– Displaying gas prices on your blog might seem unnecessary to some, but it’s cool if you have a traffic/travel related blog.

    iBegin Weather Widget

– Display weather information in your sidebar. Just like with Price of Gas, works great with travel-related blogs.

    ClockLink

– Display time in various time zones with these nifty Flash clocks.

    Film Loops

– Display the latest loops from your FilmLoops account.

    Daily Painters

– Display paintings from famous painters on your blog.

Jaxtr

– With Jaxtr, your visitors can actually call you to your mobile phone; again, your number stays private.

    WhoLinked

– Show your visitors which sites have recently linked to your web site. Works with all major blog platforms.

    Criteo AutoRoll

– Displays links to blogs similar to your blog.

    Bitty Browser

– Dmbed a cute, fully functional mini web browser to your blog.

    Leafletter

– Create a mini website and embed it into your blog.

    MyBlogLog’s Recent Readers

– This widget can easily be called a hit amongst blog owners; its popularity even managed to convince Yahoo into buying MyBlogLog. The widget lets you see the avatars of recent visitors to your blog, provided they’re also members of MyBlogLog.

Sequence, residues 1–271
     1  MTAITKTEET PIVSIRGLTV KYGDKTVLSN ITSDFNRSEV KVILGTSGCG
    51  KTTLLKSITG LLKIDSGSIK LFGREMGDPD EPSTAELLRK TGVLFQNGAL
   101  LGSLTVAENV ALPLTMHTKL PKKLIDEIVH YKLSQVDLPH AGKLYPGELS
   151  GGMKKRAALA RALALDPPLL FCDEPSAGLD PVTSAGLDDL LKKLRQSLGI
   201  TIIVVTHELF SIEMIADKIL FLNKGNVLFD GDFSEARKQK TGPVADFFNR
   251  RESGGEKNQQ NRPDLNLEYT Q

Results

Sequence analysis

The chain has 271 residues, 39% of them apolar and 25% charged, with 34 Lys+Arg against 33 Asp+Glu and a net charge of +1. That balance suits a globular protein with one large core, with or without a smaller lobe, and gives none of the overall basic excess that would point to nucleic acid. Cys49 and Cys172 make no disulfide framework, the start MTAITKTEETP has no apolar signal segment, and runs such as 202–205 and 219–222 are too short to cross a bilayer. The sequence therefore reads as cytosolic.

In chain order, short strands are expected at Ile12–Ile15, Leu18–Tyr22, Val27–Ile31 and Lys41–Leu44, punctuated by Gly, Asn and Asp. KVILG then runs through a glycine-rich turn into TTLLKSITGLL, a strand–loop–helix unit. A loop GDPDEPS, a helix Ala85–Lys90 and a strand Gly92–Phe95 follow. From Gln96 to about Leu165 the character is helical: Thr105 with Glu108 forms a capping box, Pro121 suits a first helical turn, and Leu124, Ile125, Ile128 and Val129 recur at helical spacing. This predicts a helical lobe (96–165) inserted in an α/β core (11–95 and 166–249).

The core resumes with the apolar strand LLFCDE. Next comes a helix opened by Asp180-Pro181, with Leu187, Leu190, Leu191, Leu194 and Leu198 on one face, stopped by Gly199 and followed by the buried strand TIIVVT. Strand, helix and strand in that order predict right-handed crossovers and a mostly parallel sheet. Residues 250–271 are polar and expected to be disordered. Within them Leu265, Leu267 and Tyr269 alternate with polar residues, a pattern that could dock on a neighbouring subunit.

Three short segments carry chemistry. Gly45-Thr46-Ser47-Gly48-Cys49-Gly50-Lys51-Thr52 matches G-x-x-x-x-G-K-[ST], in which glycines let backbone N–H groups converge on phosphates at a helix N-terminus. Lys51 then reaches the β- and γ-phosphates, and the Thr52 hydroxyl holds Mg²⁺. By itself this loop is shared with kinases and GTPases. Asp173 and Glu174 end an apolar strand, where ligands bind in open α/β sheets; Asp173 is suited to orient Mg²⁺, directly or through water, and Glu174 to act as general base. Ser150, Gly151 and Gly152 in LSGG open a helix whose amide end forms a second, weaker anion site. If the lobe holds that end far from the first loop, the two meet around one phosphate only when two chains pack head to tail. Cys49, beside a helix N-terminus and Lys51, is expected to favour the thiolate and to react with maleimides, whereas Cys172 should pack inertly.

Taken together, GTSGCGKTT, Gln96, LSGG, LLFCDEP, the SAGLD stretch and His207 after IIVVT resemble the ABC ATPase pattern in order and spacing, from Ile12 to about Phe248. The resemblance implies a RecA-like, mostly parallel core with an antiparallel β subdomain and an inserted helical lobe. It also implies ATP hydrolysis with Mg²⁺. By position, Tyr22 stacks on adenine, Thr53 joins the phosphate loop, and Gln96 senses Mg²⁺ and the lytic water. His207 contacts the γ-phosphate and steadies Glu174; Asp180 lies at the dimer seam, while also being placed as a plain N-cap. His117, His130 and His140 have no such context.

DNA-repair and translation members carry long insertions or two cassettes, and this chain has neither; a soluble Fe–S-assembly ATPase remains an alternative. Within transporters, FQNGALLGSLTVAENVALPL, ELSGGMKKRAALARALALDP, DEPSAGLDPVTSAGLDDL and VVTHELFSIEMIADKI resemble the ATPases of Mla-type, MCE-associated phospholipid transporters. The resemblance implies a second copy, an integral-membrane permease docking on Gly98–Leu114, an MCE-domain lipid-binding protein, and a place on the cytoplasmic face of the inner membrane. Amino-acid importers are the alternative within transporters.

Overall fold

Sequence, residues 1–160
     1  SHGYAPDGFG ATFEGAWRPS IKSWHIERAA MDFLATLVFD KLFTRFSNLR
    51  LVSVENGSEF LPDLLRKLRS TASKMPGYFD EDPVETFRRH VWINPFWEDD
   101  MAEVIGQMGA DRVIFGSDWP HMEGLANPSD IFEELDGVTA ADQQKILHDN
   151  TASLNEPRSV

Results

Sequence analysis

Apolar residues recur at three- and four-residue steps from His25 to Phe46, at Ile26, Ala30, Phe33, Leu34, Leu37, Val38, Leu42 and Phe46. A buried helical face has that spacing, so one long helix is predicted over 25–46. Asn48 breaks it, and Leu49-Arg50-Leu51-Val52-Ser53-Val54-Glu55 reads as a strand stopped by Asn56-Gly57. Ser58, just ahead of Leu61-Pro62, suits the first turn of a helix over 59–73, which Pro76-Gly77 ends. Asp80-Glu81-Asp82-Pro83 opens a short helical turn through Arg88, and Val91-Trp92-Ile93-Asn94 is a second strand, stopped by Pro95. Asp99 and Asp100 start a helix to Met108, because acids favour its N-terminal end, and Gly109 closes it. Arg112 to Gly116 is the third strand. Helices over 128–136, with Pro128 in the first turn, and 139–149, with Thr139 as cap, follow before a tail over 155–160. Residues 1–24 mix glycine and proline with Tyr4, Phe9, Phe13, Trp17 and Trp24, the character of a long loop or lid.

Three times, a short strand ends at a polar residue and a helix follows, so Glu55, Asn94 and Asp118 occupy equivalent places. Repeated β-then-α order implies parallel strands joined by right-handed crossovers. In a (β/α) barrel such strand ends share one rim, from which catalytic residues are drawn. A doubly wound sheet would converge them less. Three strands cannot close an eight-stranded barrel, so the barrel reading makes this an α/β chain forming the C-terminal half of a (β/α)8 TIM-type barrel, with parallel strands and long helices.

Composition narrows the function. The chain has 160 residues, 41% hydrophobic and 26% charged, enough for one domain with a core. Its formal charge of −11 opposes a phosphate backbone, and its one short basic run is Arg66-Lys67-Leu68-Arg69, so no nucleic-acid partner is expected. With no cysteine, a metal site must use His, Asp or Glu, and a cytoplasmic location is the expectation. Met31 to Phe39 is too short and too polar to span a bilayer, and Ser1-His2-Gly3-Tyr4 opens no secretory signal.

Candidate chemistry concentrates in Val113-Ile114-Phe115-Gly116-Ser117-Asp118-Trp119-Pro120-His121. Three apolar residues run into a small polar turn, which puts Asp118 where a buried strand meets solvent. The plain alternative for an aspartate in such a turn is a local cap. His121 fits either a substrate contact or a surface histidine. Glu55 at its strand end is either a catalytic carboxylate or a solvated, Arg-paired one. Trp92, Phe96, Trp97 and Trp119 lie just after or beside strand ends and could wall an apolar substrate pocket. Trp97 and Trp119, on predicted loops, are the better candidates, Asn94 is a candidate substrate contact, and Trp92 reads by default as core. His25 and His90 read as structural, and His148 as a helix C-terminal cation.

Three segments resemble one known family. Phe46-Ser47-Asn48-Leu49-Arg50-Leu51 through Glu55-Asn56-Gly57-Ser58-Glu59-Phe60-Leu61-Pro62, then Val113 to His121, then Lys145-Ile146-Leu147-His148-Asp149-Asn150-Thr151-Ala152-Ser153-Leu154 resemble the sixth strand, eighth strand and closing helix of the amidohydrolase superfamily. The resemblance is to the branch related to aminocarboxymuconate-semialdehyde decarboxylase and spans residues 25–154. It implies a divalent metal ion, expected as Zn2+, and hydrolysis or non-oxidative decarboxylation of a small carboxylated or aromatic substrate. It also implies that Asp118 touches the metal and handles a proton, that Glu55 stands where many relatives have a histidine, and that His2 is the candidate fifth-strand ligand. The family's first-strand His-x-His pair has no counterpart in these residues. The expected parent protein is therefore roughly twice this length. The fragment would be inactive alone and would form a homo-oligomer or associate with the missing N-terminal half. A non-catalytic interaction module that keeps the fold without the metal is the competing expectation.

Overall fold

Mashable

– Get the latest social networking news from this very site.

    Flickr Flash Photo Stream Badge

– Display images from your Flickr profile with a handy Flash photo stream.

– See a live preview of outgoing links in a small popup which activates on mouseover. Some find this annoying, while others might find it useful.

    Twitter Badge

– If your life is so interesting that everyone must know what you’re up to all the time, then a Twitter badge is the ideal counterpart to your blog. It’ll proudly displays your recent tweets.

    Digg News

– Display the latest Digg links on your blog. Themeable and fully customizable.

    FEEDJIT

– Real time traffic data directly in your blog’s sidebar.

    LineBuzz

– Inline comments for your blog. Very handy for blogs with frequent lively discussions.